• Transcript

    • 1. SALT:Surfacing the Academic Long TailLisa Charnock, MimasAndy Land, The John Rylands University Library
    • 2. Mimas •Nationally designated data centre--John Rylands University Library:--1.3 million bib records •We month--600,000 search sessions perhost a significant number of the UKs--23% of records unique (cross checked againstWorldCat) research information--40,000 students assets…10 years of circulation data (8 •and build applications tomillion records) help people make the most of this resource
    • 3. Copac •Aggregation of 50+--John Rylands University Library: & specialist research--1.3 million bib records libraries--600,000 search sessions per month •50 million records +--23% of records unique (cross checked againstWorldCat)--40,000 students •1 million search sessions10 years of circulation data (8 per monthmillion records)
    • 4. JRUL •1.3 million bib records--John Rylands University Library:--1.3 million bib records •600,000 search sessions per month--600,000 search sessions per month--23% of records unique (cross checked againstWorldCat) •23% of records unique--40,000 students (cross checked against10 years of circulation data (8 WorlCat)million records) •10 years of circulation data (8 million records)
    • 5. SALT project hypothesis…Library circulation activity datacan be used to supporthumanities research bysurfacing underused ‘long tail’library materials throughsearch.
    • 6. Could we develop an API-based national sharedservice?RLUK, M25 Consortium, Leeds University,Cambridge University, Sussex University.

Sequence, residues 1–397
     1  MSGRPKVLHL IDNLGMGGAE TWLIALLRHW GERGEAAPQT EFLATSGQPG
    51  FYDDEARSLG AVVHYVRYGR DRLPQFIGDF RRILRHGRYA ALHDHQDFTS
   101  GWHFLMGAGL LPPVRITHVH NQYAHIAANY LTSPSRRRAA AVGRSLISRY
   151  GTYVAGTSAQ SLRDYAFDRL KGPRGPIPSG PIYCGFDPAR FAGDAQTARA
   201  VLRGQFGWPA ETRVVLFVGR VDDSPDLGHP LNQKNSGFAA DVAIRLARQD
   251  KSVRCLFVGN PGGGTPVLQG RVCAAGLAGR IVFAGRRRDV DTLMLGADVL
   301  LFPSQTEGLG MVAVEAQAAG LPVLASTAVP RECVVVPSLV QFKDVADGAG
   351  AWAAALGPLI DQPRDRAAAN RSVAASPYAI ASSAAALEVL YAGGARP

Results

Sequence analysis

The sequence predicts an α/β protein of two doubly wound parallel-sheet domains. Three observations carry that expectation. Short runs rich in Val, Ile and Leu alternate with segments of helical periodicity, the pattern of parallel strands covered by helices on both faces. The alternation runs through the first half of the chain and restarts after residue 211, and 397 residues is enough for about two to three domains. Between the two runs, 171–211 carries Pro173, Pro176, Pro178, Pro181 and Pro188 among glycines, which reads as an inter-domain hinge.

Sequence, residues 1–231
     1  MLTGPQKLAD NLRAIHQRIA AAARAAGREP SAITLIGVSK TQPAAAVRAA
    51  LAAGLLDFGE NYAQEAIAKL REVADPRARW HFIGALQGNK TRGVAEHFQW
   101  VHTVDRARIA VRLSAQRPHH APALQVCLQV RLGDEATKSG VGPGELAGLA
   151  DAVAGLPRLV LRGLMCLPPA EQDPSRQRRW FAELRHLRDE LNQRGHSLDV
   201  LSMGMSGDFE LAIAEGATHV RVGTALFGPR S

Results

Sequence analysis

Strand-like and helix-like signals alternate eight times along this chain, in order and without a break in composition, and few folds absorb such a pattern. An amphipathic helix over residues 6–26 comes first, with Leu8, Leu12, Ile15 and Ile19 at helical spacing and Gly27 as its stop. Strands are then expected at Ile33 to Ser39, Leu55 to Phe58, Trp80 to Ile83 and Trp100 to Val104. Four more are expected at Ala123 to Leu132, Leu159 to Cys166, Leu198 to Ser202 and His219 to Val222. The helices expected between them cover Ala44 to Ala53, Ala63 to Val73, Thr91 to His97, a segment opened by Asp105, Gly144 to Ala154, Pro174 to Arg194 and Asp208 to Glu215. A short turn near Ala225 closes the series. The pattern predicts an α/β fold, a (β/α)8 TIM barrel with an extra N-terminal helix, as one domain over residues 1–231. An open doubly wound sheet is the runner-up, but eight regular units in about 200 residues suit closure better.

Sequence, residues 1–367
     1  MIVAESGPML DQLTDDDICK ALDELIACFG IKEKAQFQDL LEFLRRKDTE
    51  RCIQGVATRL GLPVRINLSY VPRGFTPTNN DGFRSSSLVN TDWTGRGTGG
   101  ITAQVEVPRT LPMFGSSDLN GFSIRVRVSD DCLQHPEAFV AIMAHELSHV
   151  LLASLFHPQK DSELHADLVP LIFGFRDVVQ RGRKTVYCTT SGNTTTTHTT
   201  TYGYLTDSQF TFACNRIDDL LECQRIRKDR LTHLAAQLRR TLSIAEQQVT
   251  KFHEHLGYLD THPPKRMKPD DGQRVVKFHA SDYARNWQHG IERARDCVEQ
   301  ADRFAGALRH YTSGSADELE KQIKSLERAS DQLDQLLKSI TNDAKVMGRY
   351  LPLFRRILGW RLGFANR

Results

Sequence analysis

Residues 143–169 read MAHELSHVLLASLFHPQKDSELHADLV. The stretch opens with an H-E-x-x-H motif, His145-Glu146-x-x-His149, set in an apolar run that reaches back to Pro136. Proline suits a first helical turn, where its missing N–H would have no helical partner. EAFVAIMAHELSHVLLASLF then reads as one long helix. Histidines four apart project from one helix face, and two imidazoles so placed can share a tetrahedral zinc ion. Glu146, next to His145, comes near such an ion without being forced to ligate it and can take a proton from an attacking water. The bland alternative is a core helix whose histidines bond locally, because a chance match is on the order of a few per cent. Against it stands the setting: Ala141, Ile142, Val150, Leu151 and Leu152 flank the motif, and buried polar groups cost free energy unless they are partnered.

• 7. Building on JISC MOSAIC Be pragmatic in keeping options open for new adopters by promoting local and shared strategies for the exploitation of user activity data Build participation by engaging the service and development communities by…encouraging small local steps as well as radical innovation Provide a platform (infrastructure, interfaces and services) that will …reduce local implementation burdens Address perceptions of value and risk for institutions and services by facilitating dialogue involving senior managers
    • 8. Serendipity Anxiety Trust concernsCynical about ratings and reviews
    • 9. But they could see the immediatebenefit of recommender functionality….
    • 10. So can activity data?• Increase the visibility (& usage) of hidden collections• Provide new routes to discovery based on use and disciplinary contexts (not traditional classification)• Enable serendipitous discovery
    • 11. What we‟vedone so far?
    • 12. Loan transaction data extracted Additional processing Data anonymised performed on and given to Mimasdemand by API API implemented in Capita Prism sandbox Mimas processesusing JUICE framework data
    • 13. User evaluation • 18 • 6Round researchers Round researchers One • 42 Two • 25 searchers searches
    • 14. Would they borrow the recommendations?
    • 15. And on round two?
    • 16. “Can we have it now?”100% would welcomea recommender functionbased on circulationrecords
    • 17. Surfacing the long tail…• What is the long tail in this context?•Will surfacing these items meanthey‟ll be borrowed?
    • 18. What about that shared service?• National aggregation of data• Based on usage activity• From a representative sample of libraries„Why should I make this a priority?‟
    • 19. More SALT for JRUL…•Testing the recommender with subjectlibrarians•Going live with the local or nationalservice•Making SALT available in Primo alongsideBx recommendationsAnd think about…•Allowing users to adjust thresholds in ameaningful way•Provide more targeted recommendationsthrough Portal
    • 20. More SALT for Mimas…•Aggregate more data•Evaluate the longer-term impact onborrowing patterns at JRUL•Gather requirements/costs for a sharedservice•Investigate how activity data aggregationscould be used to support collectiondevelopment•Communicate the benefits to librarydecision makers
    • 21. salt11.wordpress.comwww.activitydata.orgLisa.Charnock@manchester.ac.ukAndy.Land@manchester.ac.uk